i sent the bll article to two of my coworkers and both of them had worked on a project where a similar situation happened (*hint hint*… it involves a certain director of a halloween film directing the pilot of an upcoming apple show, but i’m not naming names). this is just the way the “tv” industry works, sadly. it’ll never be considered a “director’s medium” by the executives, no matter how much “prestige television” is “changing” and “evolving.” and as this twitter thread details, film and any other video content is moving away from that concept as well.
I just want to add that while everything MZS and @01sentencereviews is saying is quite correct my own personal frustration with watching this all go down is how Arnold seems to be part of a larger movement of Hollywood trying to “embrace” women directors but hiring them pêle-mêle to projects regardless of whether they’re a good fit or not.
In the short time I’ve run this blog I’ve seen huge strides in terms of women directors gaining footholds in the film industry both in terms of commercial and critical success (it’s still not close to enough but the gains are undeniable). But what is so frustrating to me is seeing how, now that the big studios see that it is good pr to hire women they seem to be hiring them… very carelessly. Arnold is one of the most awarded women in her field. She is a critical darling, has an Oscar, a BAFTA and has won THREE Jury prizes for the three times she’s been in competition in Cannes (this is both rare and impressive). Now there are a LOT of directors who go work in TV and are capable of adding their own little touches and flares while still staying true to the style set by the shows first directors in the pilot. There are lots of women capable of doing this (see all the directors on Queen Sugar or all the women (and men) who followed Reed Morano after she set the tone with the first three eps of The Handmaid’s Tale). So I have zero idea why HBO and the BLL producers would hire Arnold, promote the fact that they had a visionary doing the second season, encourage her to shoot the second season her own way and then… re-cut it and re-shoot it to more closely match the first season.
Like on the one hand I am happy and pleased that so many women directors who struggled on the indie scene are getting chances to stretch their legs budget and style wise. One of the most successful examples I can think of is Susanne Bier, who I was a long time fan of, totally surprising me with the stylish way she served up The Night Manager. But this Andrea Arnold debacle is feeling like an all too familiar pattern repeating itself. Like when Lucrecia Martel talked about meeting with Marvel for Captain Marvel when it’s so obvious to anyone who has seen even one of her movies or read just one of her interviews that she wouldn’t fit that style of filmmaking at all. It’s also why I have really mixed feelings about Cate Shortland taking on Black Widow. I’m sure the money and exposure is wonderful but her films are so incredible and unique and have such a strength of vision that I’m afraid Marvel will deliberately quash.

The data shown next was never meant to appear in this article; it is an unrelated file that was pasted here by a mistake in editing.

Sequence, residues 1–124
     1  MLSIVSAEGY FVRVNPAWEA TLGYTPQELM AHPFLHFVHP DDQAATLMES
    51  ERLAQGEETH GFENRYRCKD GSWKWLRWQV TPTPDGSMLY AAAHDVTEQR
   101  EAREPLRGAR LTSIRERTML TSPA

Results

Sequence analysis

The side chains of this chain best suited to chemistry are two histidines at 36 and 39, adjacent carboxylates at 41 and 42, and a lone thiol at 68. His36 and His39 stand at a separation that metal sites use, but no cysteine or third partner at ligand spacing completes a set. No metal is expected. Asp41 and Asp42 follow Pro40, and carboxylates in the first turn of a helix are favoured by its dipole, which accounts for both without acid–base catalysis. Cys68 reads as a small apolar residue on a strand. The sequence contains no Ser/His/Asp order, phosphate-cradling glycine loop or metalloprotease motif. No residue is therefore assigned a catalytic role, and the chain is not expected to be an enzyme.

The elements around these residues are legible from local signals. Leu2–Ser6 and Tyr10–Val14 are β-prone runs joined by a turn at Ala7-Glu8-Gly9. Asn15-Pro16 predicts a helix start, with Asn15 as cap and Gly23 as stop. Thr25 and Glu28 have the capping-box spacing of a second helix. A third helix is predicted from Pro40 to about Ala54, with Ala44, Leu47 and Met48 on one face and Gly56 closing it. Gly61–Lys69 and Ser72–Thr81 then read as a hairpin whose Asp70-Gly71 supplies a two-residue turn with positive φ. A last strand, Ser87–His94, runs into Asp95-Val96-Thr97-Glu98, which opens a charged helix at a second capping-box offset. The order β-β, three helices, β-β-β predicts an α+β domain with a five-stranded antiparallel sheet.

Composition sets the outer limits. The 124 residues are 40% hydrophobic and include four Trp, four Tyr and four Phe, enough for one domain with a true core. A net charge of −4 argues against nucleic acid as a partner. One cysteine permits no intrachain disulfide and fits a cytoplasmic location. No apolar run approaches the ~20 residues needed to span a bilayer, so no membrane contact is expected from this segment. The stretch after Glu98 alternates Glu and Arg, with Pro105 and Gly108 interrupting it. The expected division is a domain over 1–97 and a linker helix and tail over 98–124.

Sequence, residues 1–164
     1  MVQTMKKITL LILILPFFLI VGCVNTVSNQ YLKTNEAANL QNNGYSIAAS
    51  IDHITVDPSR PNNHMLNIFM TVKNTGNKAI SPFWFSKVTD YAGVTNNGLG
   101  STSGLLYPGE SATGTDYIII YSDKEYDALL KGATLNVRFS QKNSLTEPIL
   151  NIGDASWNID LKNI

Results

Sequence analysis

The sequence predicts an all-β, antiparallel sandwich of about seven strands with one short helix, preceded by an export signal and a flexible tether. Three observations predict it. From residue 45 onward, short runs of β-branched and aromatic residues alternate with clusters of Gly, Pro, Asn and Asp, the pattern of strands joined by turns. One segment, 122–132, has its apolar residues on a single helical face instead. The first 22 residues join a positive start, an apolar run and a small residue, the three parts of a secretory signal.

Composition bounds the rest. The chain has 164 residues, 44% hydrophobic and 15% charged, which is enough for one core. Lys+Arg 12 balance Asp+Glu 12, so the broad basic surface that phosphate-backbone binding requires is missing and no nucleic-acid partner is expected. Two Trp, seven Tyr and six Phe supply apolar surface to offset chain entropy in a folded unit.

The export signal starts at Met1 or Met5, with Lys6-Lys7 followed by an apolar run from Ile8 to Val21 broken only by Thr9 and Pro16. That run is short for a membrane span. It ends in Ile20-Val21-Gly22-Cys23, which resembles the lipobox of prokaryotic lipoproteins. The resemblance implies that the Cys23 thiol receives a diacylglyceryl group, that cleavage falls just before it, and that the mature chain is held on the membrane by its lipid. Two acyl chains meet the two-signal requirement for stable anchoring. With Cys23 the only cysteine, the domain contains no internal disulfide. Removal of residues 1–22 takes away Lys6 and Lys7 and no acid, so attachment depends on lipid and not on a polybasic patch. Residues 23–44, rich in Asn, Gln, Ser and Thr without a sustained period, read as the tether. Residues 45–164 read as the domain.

And the frustrating thing is there are SO MANY women directors who would suit a more popular and conventional filming style who would LOVE to do these type of films and TV shows. But they’ll never be hired because their more generic styles of filming doesn’t rake in the awards and these studios only look at who has the hardware and then sets about destroying everything unique about the directors that made them win these awards in the first place. It is so dumb and frustrating and disrespectful. And yes, this happens to male directors too, but I feel like this sort of mis-matched hiring is way, way more common with women where studios seem to think that hiring a woman would be good so any woman will do!
All directors are unique, if you want to hire a woman director that’s awesome, just hire one that actually fits the project!
Apologies to @01sentencereviews for adding this long rant to their original post. If you have no idea what I’m talking about I’m re-linking the original ;article about Andrea Arnold’s experience on the second season of Big Little Lies